A Puerto Rico-based medical center and a related women and children's hospital are victims of a recent ransomware attack impacting the data of more than 522,000 individuals. The combined incident is currently the largest health data breach reported to US federal regulators this year involving ransomware. In a joint statement issued July 19, Bayamón Medical Center and Puerto Rico Women and Children's Hospital, both part of the same organisation and based in Bayamon, Puerto Rico, say that on May 21 they discovered that patient information was involved in "a blocking incident" that affected the hospitals' computer network. "From our research, the hospitals and their consultants understand that the information of our patients was simply encrypted - blocked - and there is currently no indication that the information itself has been used by an unauthorised person. We will continue to monitor the situation," the statement says. The hospitals add they are also "strengthening our security protocols and providing additional training to our employees to reduce the likelihood of a similar event happening in the future." The hospitals did not indicate whether they paid a ransom or remediated the situation without paying the hackers. The type of information impacted, "to which the hospitals did not have access for a short period of time," included clinical, demographic and financial information such as patients' full name, and in some cases Social Security numbers, date of birth and diagnosis, the statement says. "None of patient data was lost as a result of the incident, and to date there is no evidence to suggest that patient information was extracted from our network or that there has been some attempt to misuse patient information." Bayamón Medical Center and Puerto Rico Women and Children's Hospital did not immediately respond to an Information Security Media Group's request for additional information about the incident. The attacks on Bayamón Medical Center and Puerto Rico Women and Children's Hospital were reported separately by each of the two hospitals on July 19 to the U.S. Department of Health and Human Services as hacking/IT incidents involving a network server, according to HHS' HIPAA Breach Reporting Tool website. Also commonly called the "wall of shame," the website lists reports of major health data breaches impacting 500 or more individuals. Bayamón Medical Center reported the incident as impacting nearly 422,500 individuals and Puerto Rico Women and Children's Hospital reported the breach as affecting nearly 100,000 individuals. To date, the incident reported alone by Bayamon Medical Center is the largest breach involving ransomware posted on the federal tally so far this year. The Bayamón incident report is also the fourth largest health data breach of any type posted on the HHS website so far in 2019. Other major health data breaches reported so far to HHS this year as involving ransomware attacks include an incident impacting 106,000 individuals reported in May by Indiana-based Talley Medical Surgical Eyecare Associates (see 2 Medical Practices Among Latest Ransomware Attack Victims). But it's not only larger healthcare entities that have reported being victims of ransomware attacks so far in 2019. A number of smaller healthcare providers, including Connecticut-based non-profit Southeastern Council on Alcoholism and Drug Dependence in May have reported to HHS ransomware incidents impacting thousands of patients (see 'Survivor' Lessons from Attack on Dental Practice). Some security experts predict that ransomware attacks on healthcare sector entities will continue to surge. "I don't see this abating any time soon," says former healthcare CIO, David Finn, executive vice president at security consultancy, CynergisTek. "Unfortunately, like so much around security in healthcare, it will likely get worse before it gets better." Efforts to prevent falling victim to these attacks need to be multifaceted, he says. "There are no silver bullets for security. Everyone keeps looking for one but you can't fix it with technology alone; you can't just expect that training people will solve it. Systems and workflows are complex in healthcare, and so this will have to be addressed holistically and systemically - this is not something we do well in healthcare," he says. "Ransomware is particularly complex because it frequently leverages 'social engineering' and the trust that is core to healthcare and then is able to use those opportunities to deploy very targeted and effective attacks," Finn says. Susan Lucci, senior privacy and security consultant at tw-Security, offers a similar perspective. "The most common way ransomware is introduced to a system occurs when an unsuspecting employee clicks on a link or opens an attachment that has been compromised," she notes. "Although many organisations have taken proactive steps to alert their workforce to this pervasive threat, it still occurs because the attackers make their communications look authentic. The subject line or content makes a compelling argument to believe the email is legitimate. " One evolving trend involving ransomware is that the attacks continue to grow more sophisticated and can engage defenders in "cat-and-mouse like activities," Finn notes. "While malware has had the ability to detect sandboxes and virtual machines for some time, we are now seeing attacks that can bypass some firewalls and some anti-virus products," he notes. "Since ransomware is now offered as-a-service, the operators are not always technical, and more attacks are actually being outsourced in this way," he says. "Often the infection vectors are difficult to identify because the ransomware deletes all evidence of how it was 'dropped,' and some are using anti-forensic recovery techniques which can make recovery from backup more difficult." Because preventing and defending against ransomware is becoming more complicated, healthcare sector entities and their vendors need to step up their strategies, Finn says. "A very common ingress point is spoofed email, so one thing that can solve a lot of problems is multi-factor authentication to email and other systems," he says. However, "we keep hearing that 'passwords are dead' but if you have systems with them, they should be strong, they should be changed regularly, not stored or transmitted in clear text. Given that medical devices will likely be a significant vector for attack, changing default passwords on devices and any system, frankly, that connects to the hospital network is still critical." In the meantime, entities need to ensure that their users are trained - and frequently reminded - on ways to spot and avoid falling victim to suspicious email and attachments containing malware, Lucci says. Additionally users also need to be kept in the loop about evolving threats, she says. "One of the best ways to keep your workforce informed is to make it real. Sharing current examples that have happened in healthcare is far more valuable than just stating the issue along with the consequences. It brings the situation into focus."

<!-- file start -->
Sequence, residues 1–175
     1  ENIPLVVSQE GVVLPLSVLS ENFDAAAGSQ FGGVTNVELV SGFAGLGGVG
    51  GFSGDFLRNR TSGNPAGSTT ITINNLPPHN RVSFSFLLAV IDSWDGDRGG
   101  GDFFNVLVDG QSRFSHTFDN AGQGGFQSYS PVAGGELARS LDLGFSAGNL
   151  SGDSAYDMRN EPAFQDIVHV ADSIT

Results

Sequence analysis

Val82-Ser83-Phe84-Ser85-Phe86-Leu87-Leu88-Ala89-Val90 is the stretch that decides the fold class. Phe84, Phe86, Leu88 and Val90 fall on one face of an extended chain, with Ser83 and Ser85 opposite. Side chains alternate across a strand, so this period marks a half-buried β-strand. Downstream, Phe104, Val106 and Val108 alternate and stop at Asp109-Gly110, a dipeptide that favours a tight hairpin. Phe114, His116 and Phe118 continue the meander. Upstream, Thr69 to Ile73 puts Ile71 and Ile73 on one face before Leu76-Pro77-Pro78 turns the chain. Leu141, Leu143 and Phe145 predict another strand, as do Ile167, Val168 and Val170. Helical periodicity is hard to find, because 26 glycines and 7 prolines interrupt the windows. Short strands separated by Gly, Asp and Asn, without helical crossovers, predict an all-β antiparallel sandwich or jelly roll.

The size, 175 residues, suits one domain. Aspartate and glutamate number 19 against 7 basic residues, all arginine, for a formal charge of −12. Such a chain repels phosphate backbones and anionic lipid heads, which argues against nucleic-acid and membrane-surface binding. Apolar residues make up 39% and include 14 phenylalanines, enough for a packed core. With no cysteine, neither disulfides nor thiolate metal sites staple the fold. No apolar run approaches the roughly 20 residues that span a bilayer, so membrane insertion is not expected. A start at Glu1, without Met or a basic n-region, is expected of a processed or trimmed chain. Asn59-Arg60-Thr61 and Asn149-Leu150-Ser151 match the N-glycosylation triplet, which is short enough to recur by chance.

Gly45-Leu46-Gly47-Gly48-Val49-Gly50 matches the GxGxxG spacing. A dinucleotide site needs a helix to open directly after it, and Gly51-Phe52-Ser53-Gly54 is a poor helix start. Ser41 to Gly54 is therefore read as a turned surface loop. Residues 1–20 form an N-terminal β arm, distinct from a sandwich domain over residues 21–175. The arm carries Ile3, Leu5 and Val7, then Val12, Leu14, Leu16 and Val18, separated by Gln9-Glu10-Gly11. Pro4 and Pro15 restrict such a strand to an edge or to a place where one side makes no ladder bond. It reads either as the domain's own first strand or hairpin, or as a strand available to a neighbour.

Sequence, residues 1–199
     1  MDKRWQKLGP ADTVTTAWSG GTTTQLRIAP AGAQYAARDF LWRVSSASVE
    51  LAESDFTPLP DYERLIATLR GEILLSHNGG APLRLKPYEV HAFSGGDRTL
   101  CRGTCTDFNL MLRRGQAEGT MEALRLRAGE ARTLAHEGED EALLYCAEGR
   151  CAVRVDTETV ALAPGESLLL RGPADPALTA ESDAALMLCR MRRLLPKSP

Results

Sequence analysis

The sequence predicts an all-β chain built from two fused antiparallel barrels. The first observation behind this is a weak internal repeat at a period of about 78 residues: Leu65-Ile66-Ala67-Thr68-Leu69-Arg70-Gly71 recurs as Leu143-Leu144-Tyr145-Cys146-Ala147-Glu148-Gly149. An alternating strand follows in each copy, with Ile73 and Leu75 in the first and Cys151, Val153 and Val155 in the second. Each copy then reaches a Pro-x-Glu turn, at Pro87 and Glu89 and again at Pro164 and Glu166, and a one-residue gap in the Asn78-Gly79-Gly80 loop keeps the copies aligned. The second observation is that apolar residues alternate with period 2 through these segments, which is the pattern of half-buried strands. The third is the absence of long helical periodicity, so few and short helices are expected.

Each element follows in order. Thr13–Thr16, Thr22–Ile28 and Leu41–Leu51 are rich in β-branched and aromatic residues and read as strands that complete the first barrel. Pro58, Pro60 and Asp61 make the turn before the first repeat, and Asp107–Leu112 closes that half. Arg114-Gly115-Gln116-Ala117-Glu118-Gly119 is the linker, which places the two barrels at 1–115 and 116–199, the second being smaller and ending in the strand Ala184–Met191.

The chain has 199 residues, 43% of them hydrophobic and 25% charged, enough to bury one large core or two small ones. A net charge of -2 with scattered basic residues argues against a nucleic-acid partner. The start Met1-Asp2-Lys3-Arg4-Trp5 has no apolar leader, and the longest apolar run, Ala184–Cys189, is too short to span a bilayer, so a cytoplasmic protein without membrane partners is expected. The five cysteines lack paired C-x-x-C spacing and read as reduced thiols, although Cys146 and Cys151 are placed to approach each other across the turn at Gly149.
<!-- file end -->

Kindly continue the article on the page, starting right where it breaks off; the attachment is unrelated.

Johannesburg Ransomware Attack Leaves Residents in the Dark*